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I would like to learn some differential geometry: basically manifolds, differentiable manifolds, smooth manifolds, De Rham cohomology and everything else that is pretty much part of a course in differential geometry. I do however know some deal of category theory and algebraic geometry, and I would therefore like to learn differential geometry from a more "abstract" (categorical and algebraical) setting. Are there any good books for this? I was able to find a book called "Sheaves on Manifolds" but I don't know if it is a good book for learning the subject (AFAIK, the book might assume prior knowledge of differential geometry)

/edit/ Or just lecture notes.

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It sounds like you want to read this thread: mathoverflow.net/questions/14877/… –  Ryan Budney Mar 2 '11 at 22:03
    
Thanks Ryan. I think those (especially "abstract differential geometry") are a bit too extreme for me (but I have not had time to look through all comments, I will do that later). I still want the atlas experience, but I do not want the author to be afraid of the words "sheaf", "functor" and so on when such notation would ease things (for the readers who know category theory). So basically I am looking for some middle ground. The book Global Calculus might be what I want (I'll check it later), but I just wantet to put this out there. :) –  user7713 Mar 2 '11 at 22:15
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I don't think any authors are afraid of those words, there's just little reason to use them. Most authors try to minimize formal pre-requisites to a course. You're free to re-interpret any differential geometry text in whatever formalism you prefer. If there isn't sufficient benefit from a formalism, there's no reason to use it. –  Ryan Budney Mar 2 '11 at 22:38
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I would definitely not recommend Kashiwara-Shapira if you want to learn differential geometry. This is rather a book on microlocal analysis. If you want something general and abstract but with a good deal of differential geometry, I'd recommend emis.de/monographs/KSM/index.html where you can really learn some basic tricks of the trade and fundamental theorems, but it doesn't quite fit the bill in that sheaves are not mentioned that much, if at all. –  t.b. Mar 2 '11 at 23:00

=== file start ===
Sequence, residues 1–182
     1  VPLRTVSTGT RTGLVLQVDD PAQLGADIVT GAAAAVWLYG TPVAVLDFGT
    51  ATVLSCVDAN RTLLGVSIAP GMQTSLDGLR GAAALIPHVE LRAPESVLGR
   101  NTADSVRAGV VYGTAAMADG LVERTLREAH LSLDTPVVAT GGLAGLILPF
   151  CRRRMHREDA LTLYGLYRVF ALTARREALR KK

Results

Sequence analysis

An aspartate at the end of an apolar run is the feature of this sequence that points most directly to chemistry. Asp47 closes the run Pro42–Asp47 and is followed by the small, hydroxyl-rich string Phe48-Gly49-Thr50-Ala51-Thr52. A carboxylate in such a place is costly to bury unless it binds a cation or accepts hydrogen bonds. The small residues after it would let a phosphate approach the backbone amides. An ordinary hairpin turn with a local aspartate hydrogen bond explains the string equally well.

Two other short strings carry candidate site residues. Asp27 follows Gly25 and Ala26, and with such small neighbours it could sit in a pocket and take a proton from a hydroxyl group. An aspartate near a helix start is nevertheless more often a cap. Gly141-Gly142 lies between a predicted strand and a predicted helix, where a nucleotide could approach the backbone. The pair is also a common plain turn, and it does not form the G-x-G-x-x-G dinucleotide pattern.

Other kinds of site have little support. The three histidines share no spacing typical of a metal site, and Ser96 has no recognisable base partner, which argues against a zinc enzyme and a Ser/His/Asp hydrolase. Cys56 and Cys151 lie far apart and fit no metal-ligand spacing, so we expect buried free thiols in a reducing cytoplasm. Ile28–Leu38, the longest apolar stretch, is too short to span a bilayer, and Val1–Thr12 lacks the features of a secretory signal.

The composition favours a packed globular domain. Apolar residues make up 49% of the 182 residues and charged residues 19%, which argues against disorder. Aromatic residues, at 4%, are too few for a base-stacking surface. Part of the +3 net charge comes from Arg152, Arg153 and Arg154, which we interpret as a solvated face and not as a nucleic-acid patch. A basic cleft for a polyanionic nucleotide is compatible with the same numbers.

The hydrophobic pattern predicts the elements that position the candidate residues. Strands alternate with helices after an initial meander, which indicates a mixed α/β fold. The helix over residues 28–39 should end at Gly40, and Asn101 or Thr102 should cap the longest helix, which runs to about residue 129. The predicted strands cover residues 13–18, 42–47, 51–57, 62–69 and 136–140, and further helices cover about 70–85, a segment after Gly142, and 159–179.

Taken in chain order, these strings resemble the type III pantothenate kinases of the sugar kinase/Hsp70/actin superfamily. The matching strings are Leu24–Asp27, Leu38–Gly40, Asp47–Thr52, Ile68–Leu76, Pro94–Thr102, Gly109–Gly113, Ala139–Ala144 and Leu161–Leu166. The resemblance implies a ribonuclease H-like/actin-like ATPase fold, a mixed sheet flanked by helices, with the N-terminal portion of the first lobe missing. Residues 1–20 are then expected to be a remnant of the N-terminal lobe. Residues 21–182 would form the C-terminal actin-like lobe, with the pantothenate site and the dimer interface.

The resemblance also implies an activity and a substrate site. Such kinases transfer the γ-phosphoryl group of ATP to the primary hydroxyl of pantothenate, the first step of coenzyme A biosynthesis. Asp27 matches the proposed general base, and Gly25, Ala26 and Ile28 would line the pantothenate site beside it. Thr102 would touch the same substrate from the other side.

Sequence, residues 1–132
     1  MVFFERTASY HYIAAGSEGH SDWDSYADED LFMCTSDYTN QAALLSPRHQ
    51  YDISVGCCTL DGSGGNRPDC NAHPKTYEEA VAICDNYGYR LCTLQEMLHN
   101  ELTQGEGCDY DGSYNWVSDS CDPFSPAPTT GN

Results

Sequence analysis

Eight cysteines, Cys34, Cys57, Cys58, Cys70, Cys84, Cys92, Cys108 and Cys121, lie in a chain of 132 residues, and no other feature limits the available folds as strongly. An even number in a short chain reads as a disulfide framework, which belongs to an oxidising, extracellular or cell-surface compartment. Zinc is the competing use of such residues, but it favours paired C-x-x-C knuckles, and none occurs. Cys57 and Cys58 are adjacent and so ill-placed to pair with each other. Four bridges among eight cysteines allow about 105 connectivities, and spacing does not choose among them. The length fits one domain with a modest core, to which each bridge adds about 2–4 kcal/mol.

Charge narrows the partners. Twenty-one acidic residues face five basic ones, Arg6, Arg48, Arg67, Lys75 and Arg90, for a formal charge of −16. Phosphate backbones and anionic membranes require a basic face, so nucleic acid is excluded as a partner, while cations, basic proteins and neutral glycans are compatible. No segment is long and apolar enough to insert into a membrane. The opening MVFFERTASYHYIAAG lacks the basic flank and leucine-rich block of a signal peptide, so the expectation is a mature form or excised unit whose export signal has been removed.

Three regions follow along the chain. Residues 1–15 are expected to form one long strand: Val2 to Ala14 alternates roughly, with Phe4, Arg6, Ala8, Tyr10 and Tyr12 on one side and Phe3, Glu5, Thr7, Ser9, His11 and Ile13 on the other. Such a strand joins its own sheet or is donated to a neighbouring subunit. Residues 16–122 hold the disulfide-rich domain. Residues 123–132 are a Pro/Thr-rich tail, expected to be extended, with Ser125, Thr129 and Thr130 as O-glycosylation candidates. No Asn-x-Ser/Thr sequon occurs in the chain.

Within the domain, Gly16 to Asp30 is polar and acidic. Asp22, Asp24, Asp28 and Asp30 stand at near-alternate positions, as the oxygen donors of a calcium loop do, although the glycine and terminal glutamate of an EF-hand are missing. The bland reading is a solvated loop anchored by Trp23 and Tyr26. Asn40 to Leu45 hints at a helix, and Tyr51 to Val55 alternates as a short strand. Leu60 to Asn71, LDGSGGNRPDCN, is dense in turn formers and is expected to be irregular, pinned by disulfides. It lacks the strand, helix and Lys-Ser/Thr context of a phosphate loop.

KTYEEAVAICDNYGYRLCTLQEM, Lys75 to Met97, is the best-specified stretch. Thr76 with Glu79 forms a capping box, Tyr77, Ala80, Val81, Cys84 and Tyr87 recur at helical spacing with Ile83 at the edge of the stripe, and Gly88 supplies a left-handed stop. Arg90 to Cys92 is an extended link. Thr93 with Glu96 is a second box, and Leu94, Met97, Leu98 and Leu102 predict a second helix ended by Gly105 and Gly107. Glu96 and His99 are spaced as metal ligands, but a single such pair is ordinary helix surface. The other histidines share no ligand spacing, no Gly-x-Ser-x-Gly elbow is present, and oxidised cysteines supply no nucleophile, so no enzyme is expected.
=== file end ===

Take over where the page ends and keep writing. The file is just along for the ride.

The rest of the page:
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Out of curiosity, can someone provide some examples where categorical language simplifies the explanation of something in differential geometry? I can think of examples like the assignment of a manifold to its tangent bundle being a functor, but I do not find this very illuminating. –  Eric O. Korman Mar 3 '11 at 2:43

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I'm learning this stuff myself so take this with a large grain of salt but a commenter on this question suggested Warner, Foundations of Differentiable Manifolds and Lie Groups.

At a glance it looks like it goes through some of the usual topics but then does the de Rahm theorem using sheaves, so you might get along with it. Apart from Ch.5, though, I'm not sure how different it is from a standard treatment. It's a GTM book with minimal prereqs, and if you already know about sheaves it's probably a fairly gentle read.

I'd be interested to know how those in the know regard this text in relation to (what I take to be) the more usual textbooks.

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